MK: In this work, the aspect of danger is associated with chemicals such as copper sulphate or sulphuric acid (also known as battery acid) that are used in the production of smartphones as well as other gadgets enabling us to stay “online”. The works centre upon glass mannequin heads which reveal the fragments of electrical devices within, all soaked in these two chemicals. The works are in a constant process of destruction and decay.

swombie, glass mannequin head filled with wires covered in copper sulphate crystals, 30x15 cm, 2019

swombie, glass mannequin head filled with wires covered

in copper sulphate crystals, 30x15 cm, 2019

And what does his daily work and studio look like?

PK: I live just above my work space at Acme Studios in East London, so I don’t have to worry about catching the last tube back! There are no excuses for me not to be in my studio because it’s literally only about 100 steps from my flat (laughs). I tend to work irregularly; sometimes I can spend the whole day in the studio with my computer and books, other times I work in the evenings and finish a project at night.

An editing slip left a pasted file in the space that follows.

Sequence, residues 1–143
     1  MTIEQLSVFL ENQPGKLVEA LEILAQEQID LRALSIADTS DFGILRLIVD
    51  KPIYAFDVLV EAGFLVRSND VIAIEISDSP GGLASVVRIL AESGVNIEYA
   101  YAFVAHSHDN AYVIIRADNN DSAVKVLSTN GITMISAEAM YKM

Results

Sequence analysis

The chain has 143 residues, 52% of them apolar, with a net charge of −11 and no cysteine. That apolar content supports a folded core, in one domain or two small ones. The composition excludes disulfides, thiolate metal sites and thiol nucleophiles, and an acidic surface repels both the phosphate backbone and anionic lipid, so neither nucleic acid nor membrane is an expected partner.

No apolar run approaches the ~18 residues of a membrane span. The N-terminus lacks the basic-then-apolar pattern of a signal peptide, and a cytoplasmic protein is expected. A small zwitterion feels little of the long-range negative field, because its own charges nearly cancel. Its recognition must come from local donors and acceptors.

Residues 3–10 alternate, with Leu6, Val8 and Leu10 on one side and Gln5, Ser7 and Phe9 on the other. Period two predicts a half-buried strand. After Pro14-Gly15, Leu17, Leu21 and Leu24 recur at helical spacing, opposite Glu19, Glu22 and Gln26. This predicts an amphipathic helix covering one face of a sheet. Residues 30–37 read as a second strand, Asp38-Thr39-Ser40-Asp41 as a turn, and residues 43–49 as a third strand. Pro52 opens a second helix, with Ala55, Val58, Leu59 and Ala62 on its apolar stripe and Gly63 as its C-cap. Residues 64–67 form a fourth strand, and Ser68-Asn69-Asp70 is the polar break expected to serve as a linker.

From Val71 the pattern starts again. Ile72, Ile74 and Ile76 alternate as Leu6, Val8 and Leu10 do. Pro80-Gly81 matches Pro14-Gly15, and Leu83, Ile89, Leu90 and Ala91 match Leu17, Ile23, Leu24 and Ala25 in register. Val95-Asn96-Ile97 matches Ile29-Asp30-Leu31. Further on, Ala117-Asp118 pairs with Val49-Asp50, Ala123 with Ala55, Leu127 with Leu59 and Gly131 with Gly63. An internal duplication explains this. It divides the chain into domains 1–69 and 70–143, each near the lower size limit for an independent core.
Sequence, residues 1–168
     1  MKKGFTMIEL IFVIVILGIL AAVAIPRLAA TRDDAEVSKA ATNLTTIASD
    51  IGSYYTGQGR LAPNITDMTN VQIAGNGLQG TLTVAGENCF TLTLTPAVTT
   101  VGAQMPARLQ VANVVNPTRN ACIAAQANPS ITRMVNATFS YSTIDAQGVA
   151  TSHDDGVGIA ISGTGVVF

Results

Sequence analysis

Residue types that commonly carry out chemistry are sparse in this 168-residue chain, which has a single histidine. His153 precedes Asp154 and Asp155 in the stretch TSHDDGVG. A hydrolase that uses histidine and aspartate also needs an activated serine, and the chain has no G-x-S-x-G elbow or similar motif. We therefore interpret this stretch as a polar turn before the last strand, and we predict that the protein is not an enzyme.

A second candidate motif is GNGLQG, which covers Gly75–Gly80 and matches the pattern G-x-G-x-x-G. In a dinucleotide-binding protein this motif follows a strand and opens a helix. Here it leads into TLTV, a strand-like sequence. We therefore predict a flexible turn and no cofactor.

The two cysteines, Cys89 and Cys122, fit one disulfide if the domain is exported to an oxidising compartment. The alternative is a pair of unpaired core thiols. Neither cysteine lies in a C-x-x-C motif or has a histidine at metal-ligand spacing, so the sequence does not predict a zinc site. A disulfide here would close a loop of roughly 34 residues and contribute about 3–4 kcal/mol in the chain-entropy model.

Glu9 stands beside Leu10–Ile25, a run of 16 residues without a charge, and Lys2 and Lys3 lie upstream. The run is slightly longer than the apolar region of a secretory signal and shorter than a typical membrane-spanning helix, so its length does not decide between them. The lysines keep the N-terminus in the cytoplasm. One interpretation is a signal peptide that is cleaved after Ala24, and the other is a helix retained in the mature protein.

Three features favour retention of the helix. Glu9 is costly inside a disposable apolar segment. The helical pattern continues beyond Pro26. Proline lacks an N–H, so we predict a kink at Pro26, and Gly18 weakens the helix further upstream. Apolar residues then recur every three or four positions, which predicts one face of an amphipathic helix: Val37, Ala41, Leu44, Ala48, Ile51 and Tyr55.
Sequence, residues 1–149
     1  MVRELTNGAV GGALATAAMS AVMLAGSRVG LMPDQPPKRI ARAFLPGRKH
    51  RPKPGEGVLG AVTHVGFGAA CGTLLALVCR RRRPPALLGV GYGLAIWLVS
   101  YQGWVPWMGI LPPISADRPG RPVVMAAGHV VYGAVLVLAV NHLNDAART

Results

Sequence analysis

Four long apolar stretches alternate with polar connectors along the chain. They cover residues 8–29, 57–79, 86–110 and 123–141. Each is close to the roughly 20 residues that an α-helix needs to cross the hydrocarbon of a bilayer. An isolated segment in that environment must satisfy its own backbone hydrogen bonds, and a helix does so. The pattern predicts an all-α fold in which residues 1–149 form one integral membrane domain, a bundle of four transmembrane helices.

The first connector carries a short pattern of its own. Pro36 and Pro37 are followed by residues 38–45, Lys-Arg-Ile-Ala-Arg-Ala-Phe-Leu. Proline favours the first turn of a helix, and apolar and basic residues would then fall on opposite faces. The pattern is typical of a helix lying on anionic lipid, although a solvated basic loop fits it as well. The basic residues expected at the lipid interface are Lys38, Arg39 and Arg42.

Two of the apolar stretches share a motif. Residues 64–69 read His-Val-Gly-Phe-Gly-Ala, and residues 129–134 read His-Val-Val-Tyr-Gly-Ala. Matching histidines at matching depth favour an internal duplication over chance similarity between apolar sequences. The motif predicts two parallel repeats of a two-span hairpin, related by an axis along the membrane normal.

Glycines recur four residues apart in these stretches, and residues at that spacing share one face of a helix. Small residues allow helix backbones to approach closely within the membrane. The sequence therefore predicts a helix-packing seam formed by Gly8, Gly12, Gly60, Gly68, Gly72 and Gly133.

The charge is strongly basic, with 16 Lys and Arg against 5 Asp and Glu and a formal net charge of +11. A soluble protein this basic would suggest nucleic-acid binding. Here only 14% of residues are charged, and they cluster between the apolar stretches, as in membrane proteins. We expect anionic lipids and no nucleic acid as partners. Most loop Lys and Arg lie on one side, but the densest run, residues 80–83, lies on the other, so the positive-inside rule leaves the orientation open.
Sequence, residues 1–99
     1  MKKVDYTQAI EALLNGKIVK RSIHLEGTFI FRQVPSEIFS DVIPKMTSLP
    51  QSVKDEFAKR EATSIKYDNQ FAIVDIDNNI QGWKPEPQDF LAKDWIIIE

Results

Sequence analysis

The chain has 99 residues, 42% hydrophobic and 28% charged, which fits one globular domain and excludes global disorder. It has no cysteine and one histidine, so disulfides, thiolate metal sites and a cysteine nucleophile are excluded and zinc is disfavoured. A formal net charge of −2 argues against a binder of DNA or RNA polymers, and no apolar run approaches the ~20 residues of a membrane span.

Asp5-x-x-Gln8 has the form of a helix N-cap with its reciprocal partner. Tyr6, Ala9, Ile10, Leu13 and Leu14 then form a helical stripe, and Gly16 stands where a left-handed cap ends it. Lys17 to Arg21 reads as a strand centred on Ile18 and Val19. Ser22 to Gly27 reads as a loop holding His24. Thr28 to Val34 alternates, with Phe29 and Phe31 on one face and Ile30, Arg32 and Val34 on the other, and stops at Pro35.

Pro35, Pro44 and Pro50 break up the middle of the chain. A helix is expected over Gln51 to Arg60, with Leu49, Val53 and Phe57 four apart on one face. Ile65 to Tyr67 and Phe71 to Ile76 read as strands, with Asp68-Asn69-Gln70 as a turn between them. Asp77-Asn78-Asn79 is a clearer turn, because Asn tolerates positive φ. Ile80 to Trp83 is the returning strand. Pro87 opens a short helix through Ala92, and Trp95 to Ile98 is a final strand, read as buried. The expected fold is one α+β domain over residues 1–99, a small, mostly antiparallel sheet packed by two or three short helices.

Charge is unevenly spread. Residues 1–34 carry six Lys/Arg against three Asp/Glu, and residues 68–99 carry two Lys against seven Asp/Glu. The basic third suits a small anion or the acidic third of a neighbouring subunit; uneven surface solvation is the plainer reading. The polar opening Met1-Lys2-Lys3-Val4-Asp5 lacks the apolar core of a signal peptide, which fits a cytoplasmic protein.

Finally, I ask Piotr for advice for artists who are just starting, especially in London.

PK: Pay particular attention to open calls. When I was still in college I’d follow all the websites that published them. Each exhibition, each opportunity, they all offer new and exciting possibilities for young artists. Don’t be afraid to have a part-time job to fund your dreams too. I’ve been in London for 10 years and I still feel I have so much to see and discover in this most “hashtaggable” of cities!

Originally published in Contemporary Lynx Magazine